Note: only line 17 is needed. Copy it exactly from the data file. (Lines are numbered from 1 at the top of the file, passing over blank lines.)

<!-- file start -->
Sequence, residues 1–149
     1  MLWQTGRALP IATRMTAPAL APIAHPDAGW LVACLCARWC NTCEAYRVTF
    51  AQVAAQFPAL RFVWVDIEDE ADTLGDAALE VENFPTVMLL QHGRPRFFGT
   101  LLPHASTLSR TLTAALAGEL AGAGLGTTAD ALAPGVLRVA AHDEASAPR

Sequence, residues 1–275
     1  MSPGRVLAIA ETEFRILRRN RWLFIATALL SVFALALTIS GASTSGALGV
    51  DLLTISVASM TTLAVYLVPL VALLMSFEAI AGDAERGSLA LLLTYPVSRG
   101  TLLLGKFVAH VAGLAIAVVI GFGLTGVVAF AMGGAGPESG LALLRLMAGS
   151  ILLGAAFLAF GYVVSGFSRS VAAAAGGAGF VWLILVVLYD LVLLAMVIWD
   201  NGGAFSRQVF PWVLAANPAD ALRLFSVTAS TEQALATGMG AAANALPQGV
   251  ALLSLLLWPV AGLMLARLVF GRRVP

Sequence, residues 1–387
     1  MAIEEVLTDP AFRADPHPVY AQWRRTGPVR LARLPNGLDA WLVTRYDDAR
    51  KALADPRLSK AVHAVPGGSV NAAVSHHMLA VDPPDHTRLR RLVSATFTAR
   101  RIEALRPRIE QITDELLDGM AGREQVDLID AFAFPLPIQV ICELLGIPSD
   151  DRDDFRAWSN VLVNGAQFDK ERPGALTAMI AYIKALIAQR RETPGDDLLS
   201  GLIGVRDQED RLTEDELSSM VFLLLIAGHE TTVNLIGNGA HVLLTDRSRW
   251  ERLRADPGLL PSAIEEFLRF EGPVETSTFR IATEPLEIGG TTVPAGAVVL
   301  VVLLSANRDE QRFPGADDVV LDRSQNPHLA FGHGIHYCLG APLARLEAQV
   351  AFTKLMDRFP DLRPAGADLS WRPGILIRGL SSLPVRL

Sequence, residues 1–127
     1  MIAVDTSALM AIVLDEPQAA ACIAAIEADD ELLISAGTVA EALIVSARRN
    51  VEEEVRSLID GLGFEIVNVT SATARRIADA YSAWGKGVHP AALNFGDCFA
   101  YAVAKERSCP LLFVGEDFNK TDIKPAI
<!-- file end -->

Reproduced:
   201  GLIGVRDQED RLTEDELSSM VFLLLIAGHE TTVNLIGNGA HVLLTDRSRW